Articles & Stories

Fifty-four Died In Raging

Torrent In Breathitt Co. In 1939

Personal Accounts Of The Cloudburst That

Erased Everything In Its Path In The Small

Communities Of Wilhurst And Vancleve

The Vancleve Bible School on Frozen Creek in Breathitt County before the flood on July 5, 1939. On the left is the Myers' cottage which included rooms used as a boys' dormitory. The large building, originally a commissary for a coal company, housed five young women at the time of the flood. The school was on property donated by the Pelfrey family and lay beside a normally peaceful little creek which flowed down a narrow gorge and into the North Fork of the Kentucky River.
(Photo courtesy of Kentucky Mountain Bible College.)

By Judy Centers - 2006

At 3:30 a.m. on July 5, 1939, a cloudburst on Frozen Creek in Breathitt County, Kentucky, caused a 20-foot wall of water to sweep down the narrow valley through Wilhurst and Vancleve. The flood erased everything in its path. Forty-four houses, 60 barns, outbuildings, and livestock all became part of the muddy torrent. In a matter of minutes 54 men, women, and children were dead.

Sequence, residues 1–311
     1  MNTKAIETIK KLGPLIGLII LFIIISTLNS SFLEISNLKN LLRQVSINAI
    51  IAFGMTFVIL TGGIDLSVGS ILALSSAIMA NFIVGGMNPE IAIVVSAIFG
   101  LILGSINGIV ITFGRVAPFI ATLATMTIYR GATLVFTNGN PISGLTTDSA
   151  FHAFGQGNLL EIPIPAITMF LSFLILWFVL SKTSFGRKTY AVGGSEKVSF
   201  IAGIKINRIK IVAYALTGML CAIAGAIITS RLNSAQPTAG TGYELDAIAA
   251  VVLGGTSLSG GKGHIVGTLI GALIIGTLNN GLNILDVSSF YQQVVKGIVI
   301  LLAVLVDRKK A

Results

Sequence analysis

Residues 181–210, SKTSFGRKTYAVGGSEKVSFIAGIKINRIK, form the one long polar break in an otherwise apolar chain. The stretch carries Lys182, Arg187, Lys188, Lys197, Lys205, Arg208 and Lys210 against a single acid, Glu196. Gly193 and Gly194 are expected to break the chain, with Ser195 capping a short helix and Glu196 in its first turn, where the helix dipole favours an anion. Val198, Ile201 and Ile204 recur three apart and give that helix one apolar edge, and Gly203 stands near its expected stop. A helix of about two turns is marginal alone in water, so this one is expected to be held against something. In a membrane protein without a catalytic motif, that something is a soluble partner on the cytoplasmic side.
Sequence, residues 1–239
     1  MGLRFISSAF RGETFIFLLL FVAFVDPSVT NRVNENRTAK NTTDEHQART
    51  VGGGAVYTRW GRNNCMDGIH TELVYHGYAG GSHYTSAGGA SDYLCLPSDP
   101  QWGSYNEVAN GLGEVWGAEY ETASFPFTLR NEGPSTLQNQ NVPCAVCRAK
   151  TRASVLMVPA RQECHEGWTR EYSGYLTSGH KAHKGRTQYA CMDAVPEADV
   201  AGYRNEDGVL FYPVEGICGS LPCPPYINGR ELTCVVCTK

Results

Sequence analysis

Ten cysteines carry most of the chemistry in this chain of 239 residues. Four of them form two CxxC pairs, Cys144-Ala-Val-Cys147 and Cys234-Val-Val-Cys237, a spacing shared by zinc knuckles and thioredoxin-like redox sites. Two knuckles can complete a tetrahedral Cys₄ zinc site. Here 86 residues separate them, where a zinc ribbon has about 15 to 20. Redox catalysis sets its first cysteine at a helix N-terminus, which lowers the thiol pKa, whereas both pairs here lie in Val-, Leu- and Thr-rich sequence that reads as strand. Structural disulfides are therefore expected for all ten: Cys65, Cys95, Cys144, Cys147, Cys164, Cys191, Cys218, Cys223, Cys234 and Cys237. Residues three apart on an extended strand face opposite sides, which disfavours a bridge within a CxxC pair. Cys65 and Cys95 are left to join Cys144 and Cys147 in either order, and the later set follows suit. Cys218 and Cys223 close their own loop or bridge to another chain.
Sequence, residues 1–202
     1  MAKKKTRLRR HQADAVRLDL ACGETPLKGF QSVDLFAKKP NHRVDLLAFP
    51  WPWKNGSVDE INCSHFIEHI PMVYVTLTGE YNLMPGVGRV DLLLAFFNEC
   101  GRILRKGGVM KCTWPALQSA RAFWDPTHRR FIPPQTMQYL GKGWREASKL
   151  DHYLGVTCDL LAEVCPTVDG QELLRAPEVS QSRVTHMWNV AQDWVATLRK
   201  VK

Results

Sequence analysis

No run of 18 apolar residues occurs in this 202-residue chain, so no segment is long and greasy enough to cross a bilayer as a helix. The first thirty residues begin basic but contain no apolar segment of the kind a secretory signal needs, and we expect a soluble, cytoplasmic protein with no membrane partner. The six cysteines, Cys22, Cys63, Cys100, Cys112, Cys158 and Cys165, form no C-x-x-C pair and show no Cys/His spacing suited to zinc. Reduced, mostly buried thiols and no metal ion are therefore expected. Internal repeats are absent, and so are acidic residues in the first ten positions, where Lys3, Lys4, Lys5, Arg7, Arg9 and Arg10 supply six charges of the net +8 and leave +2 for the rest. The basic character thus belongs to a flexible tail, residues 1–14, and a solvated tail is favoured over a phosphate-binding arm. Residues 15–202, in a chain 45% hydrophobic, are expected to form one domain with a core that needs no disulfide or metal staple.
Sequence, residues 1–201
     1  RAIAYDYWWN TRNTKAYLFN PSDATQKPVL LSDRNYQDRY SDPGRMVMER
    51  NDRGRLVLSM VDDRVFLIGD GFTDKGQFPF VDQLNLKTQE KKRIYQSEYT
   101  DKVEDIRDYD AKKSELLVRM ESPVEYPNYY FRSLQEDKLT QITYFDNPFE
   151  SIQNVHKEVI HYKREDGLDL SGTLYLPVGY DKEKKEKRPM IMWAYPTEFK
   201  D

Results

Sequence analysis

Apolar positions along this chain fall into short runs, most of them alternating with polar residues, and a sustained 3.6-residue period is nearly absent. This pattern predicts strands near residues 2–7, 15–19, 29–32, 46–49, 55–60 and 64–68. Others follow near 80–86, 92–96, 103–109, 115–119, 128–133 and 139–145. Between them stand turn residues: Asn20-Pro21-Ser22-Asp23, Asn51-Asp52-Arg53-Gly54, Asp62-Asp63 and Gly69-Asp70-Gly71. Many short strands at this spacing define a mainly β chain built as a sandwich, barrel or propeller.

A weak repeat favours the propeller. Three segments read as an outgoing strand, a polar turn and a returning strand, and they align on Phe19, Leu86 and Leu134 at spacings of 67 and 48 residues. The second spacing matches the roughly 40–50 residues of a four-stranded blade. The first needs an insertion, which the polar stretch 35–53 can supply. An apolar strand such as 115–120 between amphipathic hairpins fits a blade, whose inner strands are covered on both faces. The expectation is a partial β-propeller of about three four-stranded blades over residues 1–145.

Mary Lou Pelfrey's Account
The phone rang in the middle of the night and 23-year-old Mary Lou Pelfrey got out of bed and climbed down the stairs to answer it. Just as she lifted the receiver muddy water swirled around her bare feet. Her brother, Nathan, who lived further up the valley, was calling to warn the family of the wall of water which was just now rushing toward them. Mary Lou ran upstairs to wake the family. Will Henry Pelfrey, his wife, Angeline Back Pelfrey, and Mary Lou's little brother climbed out onto the roof of the porch. The view outside was unreal. It was as light as day, and lightning flickered as if someone was turning a light switch on and off.